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The Beautiful and Damned (Macmillan Popular Classics)
The Beautiful and Damned, F. Scott Fitzgerald’s second novel, tells the story of Anthony Patch, a 1920s socialite and presumptive heir to a tycoon’s fortune. Anthony and his wife Gloria are young and gorgeous, rich and leisured, and dedicate their lives to the reckless pursuit of happiness. But this intimate story turns tragic, as their marriage disintegrates under the weight of their expectations, dissipation, jealousy and aimlessness.
Fitzgerald skilfully portrays the east-coast elite as the Jazz Age begins its ascent, engulfing all classes into what will soon be known as Cafe Society. As with all of Fitzgerald’s novels, it is a brilliant character study written in breathtaking prose. It is also a gripping account of the complexities of marriage, largely based on Fitzgerald’s relationship with his wife, Zelda.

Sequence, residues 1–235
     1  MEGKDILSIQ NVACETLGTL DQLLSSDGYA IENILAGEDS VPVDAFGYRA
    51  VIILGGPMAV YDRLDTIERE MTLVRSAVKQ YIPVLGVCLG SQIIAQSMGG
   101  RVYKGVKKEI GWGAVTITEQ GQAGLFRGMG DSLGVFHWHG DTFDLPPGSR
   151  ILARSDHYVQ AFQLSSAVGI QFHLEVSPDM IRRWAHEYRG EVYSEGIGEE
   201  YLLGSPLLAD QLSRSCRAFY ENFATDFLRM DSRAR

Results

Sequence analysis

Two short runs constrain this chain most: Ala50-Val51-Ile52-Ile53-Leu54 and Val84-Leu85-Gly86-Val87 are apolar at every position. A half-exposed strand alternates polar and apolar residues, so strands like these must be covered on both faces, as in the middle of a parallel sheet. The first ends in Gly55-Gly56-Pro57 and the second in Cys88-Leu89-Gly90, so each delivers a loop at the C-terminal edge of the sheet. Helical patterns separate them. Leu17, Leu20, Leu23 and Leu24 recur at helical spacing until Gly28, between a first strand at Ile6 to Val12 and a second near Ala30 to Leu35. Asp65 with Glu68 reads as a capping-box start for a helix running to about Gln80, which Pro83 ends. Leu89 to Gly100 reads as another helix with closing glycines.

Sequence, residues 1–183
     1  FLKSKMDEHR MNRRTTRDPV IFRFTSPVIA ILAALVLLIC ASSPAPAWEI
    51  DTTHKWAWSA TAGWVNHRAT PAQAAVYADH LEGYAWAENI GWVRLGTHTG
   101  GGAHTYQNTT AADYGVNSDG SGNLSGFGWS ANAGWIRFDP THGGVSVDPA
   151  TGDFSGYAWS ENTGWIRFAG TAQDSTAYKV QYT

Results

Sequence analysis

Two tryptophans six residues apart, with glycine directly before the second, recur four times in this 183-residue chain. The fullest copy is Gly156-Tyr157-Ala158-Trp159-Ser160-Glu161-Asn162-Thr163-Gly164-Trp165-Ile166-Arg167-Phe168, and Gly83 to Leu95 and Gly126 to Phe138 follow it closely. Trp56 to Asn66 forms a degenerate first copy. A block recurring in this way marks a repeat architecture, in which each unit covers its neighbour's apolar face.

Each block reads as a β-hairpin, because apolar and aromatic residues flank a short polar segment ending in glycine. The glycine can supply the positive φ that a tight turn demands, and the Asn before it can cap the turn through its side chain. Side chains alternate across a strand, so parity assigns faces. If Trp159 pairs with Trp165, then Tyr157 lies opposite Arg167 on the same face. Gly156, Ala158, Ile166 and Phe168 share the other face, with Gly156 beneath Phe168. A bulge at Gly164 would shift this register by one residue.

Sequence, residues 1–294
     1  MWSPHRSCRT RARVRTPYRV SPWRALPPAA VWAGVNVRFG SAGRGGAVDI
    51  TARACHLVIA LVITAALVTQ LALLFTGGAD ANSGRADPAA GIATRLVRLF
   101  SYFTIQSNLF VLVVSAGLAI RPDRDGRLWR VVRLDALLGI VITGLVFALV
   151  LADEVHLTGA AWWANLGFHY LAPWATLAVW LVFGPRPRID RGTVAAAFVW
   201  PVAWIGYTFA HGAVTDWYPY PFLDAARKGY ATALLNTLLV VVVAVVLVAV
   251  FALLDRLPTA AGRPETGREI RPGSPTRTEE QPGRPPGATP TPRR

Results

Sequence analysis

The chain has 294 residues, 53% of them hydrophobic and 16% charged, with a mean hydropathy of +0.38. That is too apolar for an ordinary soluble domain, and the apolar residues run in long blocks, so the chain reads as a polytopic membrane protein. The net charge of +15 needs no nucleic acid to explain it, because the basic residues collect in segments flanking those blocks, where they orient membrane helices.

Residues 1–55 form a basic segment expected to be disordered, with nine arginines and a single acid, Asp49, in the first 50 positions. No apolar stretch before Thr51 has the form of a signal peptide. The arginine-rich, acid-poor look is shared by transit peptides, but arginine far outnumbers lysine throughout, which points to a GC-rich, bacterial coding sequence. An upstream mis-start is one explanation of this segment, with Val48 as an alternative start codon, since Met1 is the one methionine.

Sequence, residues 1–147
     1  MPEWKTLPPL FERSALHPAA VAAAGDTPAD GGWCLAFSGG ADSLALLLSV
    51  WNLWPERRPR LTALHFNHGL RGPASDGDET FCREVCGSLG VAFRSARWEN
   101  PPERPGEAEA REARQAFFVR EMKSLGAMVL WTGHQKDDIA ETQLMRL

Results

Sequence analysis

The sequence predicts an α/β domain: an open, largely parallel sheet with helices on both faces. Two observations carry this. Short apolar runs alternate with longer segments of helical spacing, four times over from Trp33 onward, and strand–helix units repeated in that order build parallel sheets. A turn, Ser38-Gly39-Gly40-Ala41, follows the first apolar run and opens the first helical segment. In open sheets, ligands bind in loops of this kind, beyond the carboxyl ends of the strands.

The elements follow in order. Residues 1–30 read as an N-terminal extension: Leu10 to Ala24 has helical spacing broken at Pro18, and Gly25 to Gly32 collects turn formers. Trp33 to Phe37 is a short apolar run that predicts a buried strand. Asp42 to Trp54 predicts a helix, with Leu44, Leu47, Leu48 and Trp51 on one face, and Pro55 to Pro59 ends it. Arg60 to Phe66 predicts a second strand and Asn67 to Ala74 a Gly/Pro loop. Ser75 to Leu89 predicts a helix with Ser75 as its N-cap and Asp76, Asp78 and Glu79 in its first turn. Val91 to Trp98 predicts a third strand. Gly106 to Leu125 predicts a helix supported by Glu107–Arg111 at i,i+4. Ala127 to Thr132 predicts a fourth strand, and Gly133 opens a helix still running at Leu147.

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Among the “Lost Generation” of writers that came of age during the Roaring Twenties, the work of F. Scott Fitzgerald (1896–1940) epitomized “The Jazz Age”: a period of declining traditional values, prohibition and speakeasies, and great artistic leaps. Fitzgerald’s first novel, This Side of Paradise, was a financial success, but subsequent ones, including his masterpiece, The Great Gatsby, sold poorly. In need of money, he turned to writing commercial short stories and Hollywood scripts, while his lifelong alcoholism destroyed his health and led to an early death. The 1945 reissue of The Great Gatsby spurred a wide resurgence of interest, and Fitzgerald is now considered one of the greatest American writers of the twentieth century.